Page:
MA and PA buses almost ready to roll into NIF
By Sue Stephenson
At the end of January, the first pair of amplifier buses was produced in the high bay of Bldg. 381 and shipped to Bldg. 493, a storage area for the National Ignition Facility (NIF).
These massive enclosures will house the first bundle of NIF amplifiers. The main amplifier, MA, is the larger one, and the power amplifier, PA, is the smaller one. This spring these amplifier buses will be installed into Bldg. 581, NIF.
This effort involved not only the NIF Amplifier Assembly team and Flashlamp Window Assembly team, it also required the assistance of Plant Engineering/NIF riggers to operate the overhead crane, straddle lifter and tugs, and Security Police Officers to control traffic on Outer Loop.
"I’m amazed when I think of all the problems this team overcame due to good planning and hard work. It’s a credit to their talent and dedication that a job this complicated was accomplished safely and on such an aggressive schedule," says Amplifier Associate Project Manager Doug Larson.
One difficulty the Amplifier Assembly team overcame was to assemble these school bus-size amplifiers with the great alignment accuracy required by NIF. Parts inside the amplifiers were aligned and fixed within one fourth of a millimeter.
Some of the parts, 72 flashlamp window assemblies, were put together in the Optics Processing Lab (OPL) in Bldg. 391. Then they were carefully transported to the high bay in Bldg. 381 where they were inserted into the amplifier bus.
"All of the large NIF optics will pass through Bldg. 391’s OPL," said Gina Bonanno, associate project manager for Assembly, Installation and Refurbishment, "and this is the first production run performed in that facility. Jim Fair the OPL manager and the two production leads, Guy Robitaille and Sue Frieders led the team that worked very hard to make this happen."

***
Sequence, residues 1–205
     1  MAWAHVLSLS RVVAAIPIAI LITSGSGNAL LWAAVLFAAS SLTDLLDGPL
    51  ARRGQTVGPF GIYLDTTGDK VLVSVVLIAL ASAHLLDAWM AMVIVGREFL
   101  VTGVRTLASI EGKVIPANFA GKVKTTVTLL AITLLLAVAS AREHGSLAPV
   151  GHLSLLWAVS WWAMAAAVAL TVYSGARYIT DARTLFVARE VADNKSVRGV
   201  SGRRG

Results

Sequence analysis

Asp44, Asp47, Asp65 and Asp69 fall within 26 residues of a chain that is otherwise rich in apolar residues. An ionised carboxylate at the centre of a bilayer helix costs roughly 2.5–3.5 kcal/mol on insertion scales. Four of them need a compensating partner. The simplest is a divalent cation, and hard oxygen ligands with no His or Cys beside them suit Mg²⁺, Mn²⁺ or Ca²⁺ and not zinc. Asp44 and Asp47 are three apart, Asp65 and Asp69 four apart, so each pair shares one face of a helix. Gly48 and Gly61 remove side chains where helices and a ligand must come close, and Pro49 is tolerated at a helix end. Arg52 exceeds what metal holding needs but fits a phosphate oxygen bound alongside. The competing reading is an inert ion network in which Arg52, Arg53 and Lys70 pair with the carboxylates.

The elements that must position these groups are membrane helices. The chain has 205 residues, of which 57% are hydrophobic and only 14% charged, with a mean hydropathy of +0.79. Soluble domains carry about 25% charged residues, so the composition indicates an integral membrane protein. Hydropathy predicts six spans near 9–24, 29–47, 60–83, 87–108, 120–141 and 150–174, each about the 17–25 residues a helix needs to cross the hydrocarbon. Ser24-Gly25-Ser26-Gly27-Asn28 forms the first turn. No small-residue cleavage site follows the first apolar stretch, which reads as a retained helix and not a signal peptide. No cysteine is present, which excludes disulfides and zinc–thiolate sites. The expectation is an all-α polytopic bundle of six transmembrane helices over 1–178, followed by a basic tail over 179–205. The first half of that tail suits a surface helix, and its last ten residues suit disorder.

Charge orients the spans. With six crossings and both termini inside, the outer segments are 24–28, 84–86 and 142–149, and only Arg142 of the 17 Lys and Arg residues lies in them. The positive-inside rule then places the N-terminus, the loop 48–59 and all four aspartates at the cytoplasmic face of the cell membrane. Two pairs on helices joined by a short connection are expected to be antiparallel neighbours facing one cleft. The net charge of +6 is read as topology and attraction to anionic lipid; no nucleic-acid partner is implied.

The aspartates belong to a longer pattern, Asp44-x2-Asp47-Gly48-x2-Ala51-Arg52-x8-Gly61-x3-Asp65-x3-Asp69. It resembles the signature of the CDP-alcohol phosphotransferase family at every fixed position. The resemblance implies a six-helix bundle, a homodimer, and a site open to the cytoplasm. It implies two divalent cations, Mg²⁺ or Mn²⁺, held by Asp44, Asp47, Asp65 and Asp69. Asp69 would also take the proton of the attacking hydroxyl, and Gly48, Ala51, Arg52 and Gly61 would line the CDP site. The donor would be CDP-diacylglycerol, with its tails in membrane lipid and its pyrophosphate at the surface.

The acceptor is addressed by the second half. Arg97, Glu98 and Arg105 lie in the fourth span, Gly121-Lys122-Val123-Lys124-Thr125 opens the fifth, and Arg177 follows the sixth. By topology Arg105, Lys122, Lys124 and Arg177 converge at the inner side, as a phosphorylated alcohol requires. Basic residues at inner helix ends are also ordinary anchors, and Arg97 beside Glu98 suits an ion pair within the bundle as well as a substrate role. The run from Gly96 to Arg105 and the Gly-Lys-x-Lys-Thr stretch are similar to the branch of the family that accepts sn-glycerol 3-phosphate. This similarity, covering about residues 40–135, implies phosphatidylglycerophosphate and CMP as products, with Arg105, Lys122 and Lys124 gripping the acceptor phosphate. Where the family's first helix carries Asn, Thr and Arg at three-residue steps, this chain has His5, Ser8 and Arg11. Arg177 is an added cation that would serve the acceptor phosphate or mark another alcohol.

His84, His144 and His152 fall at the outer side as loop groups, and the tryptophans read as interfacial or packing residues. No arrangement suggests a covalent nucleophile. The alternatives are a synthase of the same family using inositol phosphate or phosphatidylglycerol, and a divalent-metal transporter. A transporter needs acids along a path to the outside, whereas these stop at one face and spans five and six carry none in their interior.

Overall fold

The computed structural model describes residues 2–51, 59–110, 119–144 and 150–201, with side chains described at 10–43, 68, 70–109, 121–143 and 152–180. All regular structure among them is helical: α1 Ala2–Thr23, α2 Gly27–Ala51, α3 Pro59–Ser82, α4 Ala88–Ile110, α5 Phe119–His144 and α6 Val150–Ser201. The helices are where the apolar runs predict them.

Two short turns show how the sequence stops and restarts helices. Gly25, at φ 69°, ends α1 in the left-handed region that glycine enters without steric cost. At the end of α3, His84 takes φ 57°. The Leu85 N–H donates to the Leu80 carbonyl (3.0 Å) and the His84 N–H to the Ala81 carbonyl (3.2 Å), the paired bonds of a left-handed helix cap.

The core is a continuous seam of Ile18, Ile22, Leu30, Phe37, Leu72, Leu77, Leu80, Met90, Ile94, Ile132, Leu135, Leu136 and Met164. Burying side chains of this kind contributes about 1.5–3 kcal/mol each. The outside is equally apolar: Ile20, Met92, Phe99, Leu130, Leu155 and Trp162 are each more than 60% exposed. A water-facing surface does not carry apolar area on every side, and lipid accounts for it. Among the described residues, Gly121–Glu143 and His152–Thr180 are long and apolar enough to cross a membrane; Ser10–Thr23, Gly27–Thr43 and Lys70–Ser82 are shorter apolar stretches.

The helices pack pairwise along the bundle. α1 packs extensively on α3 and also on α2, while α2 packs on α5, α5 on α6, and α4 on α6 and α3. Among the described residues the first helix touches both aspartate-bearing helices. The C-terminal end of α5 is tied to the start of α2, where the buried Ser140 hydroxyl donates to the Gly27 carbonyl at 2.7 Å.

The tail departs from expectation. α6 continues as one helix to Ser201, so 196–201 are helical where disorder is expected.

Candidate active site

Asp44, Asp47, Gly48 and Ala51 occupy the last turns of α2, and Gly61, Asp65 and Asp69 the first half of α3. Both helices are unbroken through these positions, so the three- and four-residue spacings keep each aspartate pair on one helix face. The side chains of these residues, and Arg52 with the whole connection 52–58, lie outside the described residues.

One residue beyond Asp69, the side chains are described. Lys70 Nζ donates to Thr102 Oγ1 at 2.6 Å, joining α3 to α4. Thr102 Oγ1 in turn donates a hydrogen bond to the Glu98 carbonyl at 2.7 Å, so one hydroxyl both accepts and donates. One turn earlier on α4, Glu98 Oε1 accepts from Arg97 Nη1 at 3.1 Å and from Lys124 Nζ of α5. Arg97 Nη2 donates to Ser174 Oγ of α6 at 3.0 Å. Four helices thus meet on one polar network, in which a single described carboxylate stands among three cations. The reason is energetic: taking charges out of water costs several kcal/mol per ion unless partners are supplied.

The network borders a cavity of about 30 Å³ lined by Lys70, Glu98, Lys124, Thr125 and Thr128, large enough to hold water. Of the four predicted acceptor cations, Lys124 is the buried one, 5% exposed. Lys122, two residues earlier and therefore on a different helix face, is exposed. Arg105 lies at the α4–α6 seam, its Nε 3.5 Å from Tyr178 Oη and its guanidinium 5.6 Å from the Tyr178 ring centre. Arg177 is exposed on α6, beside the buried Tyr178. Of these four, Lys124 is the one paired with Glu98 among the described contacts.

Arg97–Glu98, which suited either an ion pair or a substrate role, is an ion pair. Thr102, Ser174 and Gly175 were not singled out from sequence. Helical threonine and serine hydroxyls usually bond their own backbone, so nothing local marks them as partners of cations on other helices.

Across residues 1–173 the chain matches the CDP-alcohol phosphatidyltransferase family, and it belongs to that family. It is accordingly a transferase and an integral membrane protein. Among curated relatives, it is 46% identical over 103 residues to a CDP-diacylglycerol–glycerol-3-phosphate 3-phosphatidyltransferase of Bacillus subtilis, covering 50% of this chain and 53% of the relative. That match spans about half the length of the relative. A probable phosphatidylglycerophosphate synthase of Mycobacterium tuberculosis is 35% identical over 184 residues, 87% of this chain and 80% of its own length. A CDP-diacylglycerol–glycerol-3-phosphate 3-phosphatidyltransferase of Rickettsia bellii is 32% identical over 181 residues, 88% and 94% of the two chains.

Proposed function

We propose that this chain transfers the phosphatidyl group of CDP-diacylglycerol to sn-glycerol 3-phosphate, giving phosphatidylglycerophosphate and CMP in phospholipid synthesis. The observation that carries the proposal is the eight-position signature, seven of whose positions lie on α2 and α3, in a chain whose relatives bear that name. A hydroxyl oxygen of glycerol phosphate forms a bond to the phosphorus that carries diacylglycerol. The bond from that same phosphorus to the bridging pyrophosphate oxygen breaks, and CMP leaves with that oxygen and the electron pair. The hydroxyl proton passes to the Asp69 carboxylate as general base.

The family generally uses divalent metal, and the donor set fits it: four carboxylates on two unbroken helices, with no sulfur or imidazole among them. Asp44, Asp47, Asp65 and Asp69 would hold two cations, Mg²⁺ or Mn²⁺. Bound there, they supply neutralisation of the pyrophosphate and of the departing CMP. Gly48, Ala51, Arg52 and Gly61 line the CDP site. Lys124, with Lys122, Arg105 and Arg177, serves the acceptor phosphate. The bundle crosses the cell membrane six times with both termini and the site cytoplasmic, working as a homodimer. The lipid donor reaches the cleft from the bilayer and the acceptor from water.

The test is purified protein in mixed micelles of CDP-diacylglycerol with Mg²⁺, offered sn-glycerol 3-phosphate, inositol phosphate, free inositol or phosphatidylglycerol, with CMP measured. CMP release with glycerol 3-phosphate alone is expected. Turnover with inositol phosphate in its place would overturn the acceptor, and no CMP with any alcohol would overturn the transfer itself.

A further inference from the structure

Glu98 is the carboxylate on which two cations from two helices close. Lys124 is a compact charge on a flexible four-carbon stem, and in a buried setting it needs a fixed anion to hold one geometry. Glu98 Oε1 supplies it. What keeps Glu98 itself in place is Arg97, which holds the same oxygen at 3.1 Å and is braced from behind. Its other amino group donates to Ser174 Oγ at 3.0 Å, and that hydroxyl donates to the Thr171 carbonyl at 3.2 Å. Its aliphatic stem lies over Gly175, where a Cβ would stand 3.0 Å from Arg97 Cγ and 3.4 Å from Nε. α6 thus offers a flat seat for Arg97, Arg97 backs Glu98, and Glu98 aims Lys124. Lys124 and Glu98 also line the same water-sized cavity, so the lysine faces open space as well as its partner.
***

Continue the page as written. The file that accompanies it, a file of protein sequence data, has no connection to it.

"This is the first step. A total of 1,728 flashlamp window assemblies will be required for NIF. Typically, the Lab does not produce large quantities of anything," Bonanno said, "so we’ve been challenged to not only build complex opto-mechanical assemblies, but to do it in large quantities while meeting strict standards of quality. I’m impressed with how well the team has performed."
Once the amplifier is assembled it will not be cleaned again. So all of the assembly work is done in Class 100 clean rooms: Bldg. 381 high bay and the Optics Processing Lab in Bldg. 391. A Class 100 clean room refers to the quality of air: no more than 100 particles greater in size than half a micron per cubic foot of air.
In addition to working in a clean environment, the assembly teams must keep the surfaces of the various parts with which they work at Level 83 cleanliness. This means there are no more than 900 particles per square foot that are greater in size than five microns on the surface of the items. It is difficult to see a spec of dust that is five microns. The diameter of a human hair is 100 microns.
These super clean requirements are necessary while building, moving and attaching the amplifiers to the NIF system. Even the transport container that stores the massive frames for the amplifiers is specially designed to keep them clean, temperature controlled and precisely aligned while they wait their turn to be placed in NIF.
"This is the culmination of five years of planning and hard work by many people," said Buzz Pedrotti, lead engineer of NIF amplifier mechanical systems. "The responsible engineer, Ernie Moor, production manager Tom Kohut, and their teams of engineers, designers, coordinators, technicians, buyers and suppliers have done a remarkable job of satisfying many difficult requirements for these large structures.
"They have created a production line that safely produces clean, electrically isolated, leak-free enclosures assembled to very tight tolerances. We are proud of our team and delighted that the factory is producing," he said.